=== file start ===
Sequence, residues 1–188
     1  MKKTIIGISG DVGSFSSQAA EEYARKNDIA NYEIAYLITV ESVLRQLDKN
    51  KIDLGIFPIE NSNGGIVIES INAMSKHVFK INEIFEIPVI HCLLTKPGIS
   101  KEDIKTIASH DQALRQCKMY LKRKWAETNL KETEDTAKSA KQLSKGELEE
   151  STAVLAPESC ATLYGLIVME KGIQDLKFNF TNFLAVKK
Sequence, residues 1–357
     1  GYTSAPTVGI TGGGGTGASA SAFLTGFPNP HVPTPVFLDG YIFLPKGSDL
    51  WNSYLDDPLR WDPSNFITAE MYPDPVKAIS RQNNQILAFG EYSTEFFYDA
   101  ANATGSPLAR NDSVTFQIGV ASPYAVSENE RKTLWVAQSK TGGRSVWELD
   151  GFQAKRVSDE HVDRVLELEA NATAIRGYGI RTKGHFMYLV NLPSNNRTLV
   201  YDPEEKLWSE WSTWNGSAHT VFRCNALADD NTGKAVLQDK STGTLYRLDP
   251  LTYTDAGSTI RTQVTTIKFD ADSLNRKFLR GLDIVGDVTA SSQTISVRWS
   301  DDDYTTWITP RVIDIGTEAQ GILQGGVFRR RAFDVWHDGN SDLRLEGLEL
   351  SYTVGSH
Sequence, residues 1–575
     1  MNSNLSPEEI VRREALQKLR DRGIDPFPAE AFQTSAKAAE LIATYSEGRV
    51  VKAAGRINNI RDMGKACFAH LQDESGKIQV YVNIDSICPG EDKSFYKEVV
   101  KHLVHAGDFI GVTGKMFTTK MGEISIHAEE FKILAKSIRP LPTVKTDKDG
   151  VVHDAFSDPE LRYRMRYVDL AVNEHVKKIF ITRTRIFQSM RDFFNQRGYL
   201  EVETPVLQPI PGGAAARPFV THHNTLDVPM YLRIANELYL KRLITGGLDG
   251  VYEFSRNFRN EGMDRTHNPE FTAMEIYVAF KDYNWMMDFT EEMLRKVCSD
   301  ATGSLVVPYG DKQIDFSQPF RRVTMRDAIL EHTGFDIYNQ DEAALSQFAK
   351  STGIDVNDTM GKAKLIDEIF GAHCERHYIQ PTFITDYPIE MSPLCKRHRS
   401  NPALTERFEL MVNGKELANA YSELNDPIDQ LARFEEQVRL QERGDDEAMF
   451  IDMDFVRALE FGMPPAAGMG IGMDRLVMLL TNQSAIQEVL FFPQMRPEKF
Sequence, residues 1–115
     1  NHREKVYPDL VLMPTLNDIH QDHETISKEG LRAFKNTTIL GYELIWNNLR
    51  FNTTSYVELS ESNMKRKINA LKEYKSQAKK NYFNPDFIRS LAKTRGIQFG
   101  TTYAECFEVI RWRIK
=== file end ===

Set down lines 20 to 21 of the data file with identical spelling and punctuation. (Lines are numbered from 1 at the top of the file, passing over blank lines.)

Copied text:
   201  EVETPVLQPI PGGAAARPFV THHNTLDVPM YLRIANELYL KRLITGGLDG
   251  VYEFSRNFRN EGMDRTHNPE FTAMEIYVAF KDYNWMMDFT EEMLRKVCSD